The boundary-pushing musicals of today owe a considerable debt to RENT

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The boundary-pushing musicals of today owe a considerable debt to RENT

RENT The Musical
Words by Bryget Chrisfield

This all-new Australian touring production of RENT – the game-changing, multi-Tony Award-winning rock musical by Jonathan Larson, which is loosely based on Puccini’s opera La Bohème – is jam-packed with star-making performances; just when we think we’ve witnessed the show’s MVP, along comes another jaw-dropping contender.    

As performance artist Maureen, who doesn’t materialise until midway through Act 1, NIDA graduate Calista Nelmes – who you might recognise from Team Jason on The Voice’s 2023 season – makes her Australian musical theatre debut in one of her dream roles. Nelmes is an utterly captivating presence on stage, her vocal runs land effortlessly and she completely embodies the self-centred but also annoyingly gifted Maureen.

Fun fact: Post-show discussion revealed theatregoers with previous RENT experience deemed Nelmes’ performance art scene (Over The Moon) the G.O.A.T. – she even coaxed the audience to moo along, ferchrissakes!

RENT: The Musical

  • State Theatre, The Arts Centre
  • Tues 20 Feb
  • Tickets here

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Breakup anthem Take Me Or Leave Me – Nelmes’ duet with Thndo, who plays Maureen’s girlfriend Joanne – is another standout moment and they pass their chemistry test with flying colours.

Similarly, the ‘connection’ between New Zealand-Samoan singer-actor Nick Afoa (Collins) and his onstage lover Carl De Villa (Angel), translates beyond the footlights.  I’ll Cover You, their duet about consciously coupling, makes our heart hurt and when Afoa later reprises this song following devastating circumstances we definitely need a hug. Afoa pulls focus like a super-strong magnet every single time he graces the stage.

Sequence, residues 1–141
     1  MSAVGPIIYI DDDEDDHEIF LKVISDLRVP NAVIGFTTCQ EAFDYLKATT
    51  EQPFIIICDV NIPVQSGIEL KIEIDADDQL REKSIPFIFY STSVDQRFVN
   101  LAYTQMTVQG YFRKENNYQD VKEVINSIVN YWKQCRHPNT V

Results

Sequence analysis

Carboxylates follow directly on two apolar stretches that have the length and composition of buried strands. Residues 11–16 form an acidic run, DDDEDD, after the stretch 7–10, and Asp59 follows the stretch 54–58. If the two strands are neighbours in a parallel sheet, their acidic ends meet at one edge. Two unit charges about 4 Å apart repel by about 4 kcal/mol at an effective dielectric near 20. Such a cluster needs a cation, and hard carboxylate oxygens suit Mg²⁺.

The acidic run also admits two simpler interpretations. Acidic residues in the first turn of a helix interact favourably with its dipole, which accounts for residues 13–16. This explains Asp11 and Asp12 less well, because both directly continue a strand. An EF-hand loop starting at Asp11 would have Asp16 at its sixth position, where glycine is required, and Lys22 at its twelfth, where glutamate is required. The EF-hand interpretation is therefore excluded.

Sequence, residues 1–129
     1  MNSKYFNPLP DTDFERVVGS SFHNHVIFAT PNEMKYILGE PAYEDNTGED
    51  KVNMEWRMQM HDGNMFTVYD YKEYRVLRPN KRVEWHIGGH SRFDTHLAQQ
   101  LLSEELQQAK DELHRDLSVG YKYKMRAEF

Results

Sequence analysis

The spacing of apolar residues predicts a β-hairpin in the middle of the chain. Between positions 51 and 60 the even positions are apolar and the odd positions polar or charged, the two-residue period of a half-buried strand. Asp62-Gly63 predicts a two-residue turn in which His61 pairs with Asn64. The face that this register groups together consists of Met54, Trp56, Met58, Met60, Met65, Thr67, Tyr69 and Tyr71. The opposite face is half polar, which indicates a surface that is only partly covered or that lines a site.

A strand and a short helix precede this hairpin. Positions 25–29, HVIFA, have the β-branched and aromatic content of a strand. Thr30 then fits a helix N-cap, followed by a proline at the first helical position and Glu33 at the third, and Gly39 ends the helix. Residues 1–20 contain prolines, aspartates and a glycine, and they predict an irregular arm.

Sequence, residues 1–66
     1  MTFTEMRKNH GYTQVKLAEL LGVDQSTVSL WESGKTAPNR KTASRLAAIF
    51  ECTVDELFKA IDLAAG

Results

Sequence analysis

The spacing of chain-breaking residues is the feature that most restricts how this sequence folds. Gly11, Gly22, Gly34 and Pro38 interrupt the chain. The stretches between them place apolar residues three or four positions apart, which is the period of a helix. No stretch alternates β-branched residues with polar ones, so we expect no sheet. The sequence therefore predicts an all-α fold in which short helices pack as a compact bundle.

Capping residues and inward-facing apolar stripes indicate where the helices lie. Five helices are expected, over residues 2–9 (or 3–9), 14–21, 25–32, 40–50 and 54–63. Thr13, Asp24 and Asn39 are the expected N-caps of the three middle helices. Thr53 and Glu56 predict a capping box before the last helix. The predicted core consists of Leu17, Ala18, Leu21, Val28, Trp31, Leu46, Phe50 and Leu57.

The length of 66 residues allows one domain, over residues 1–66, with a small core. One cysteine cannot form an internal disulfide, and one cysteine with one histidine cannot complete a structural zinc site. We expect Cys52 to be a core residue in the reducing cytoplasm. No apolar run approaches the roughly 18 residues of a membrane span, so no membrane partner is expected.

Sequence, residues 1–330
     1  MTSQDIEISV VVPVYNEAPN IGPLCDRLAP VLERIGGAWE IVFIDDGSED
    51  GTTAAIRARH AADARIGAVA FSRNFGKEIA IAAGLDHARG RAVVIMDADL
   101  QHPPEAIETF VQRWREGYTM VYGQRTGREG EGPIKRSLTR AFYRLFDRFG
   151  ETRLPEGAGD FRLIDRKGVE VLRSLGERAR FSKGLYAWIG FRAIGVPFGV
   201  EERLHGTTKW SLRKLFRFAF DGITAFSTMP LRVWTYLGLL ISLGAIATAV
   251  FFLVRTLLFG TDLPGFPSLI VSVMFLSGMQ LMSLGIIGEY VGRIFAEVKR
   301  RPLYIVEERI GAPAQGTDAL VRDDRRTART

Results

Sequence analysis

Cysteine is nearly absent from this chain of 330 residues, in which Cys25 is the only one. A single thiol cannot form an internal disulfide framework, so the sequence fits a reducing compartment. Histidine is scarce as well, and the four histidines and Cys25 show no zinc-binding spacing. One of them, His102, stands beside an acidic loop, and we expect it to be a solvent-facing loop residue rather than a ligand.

RENT’s action takes place in Manhattan’s East Village (Alphabet City) circa 1991.

The musical, which plays out under the horrific shadow of HIV/AIDS, homes in on a group of bohemians who face eviction from their decrepit apartment building.

Dann Barber’s inspired set design cleverly utilises levels, with cast members constantly rotating and adjusting the movable multilayered scaffolding and platforms – often while singing. Strings of Christmas lights occasionally illuminate to indicate the passing of time.

Dark alley corners, seedy scenes and expressive faces are isolated and illuminated thanks to Paul Jackson’s precise lighting design.

That silhouetted orgy scene, which plays out behind a scrim curtain, would’ve been soooo raunchy when this musical first opened off-Broadway back in 1996 – almost 30 years ago.

Director Shaun Rennie’s realistic blocking and Luca Dinardo’s subtle choreography maximise the potential for characterisation within movement, which is explored to great effect by this talented ensemble.

Costumes-wise, designer Ella Butler goes for angsty-grunge meets velour with a dash of povo-student chic; except for the inspired designs worn to depict market stalls, with individuals sporting creations composed entirely of ties, bags or coats – wow factor through the roof!

Act 2’s powerful opener Seasons Of Love is a well-documented fan favourite, but Will I? – another ensemble piece – is particularly affecting, and memorable, during Act 1 on opening night.

Queer characters getting it on, drag queens, junkies, rough sleepers – the more contemporary, boundary-pushing musicals of today certainly owe a considerable debt to RENT.

We laughed, we cried, some among us even mooed. But, predominantly, we’re reminded that tomorrow’s never promised (see: No Day But Today) and love is all there is.

Did you know? RENT’s creator Jonathan Larson tragically died, aged 35, in the early hours of the actual day this musical opened off-Broadway. He was posthumously awarded the Pulitzer Prize for Drama and three Tony Awards for RENT.

RENT plays at State Theatre, Art Centre Melbourne until 10 March, before touring to Newcastle, Perth and Canberra.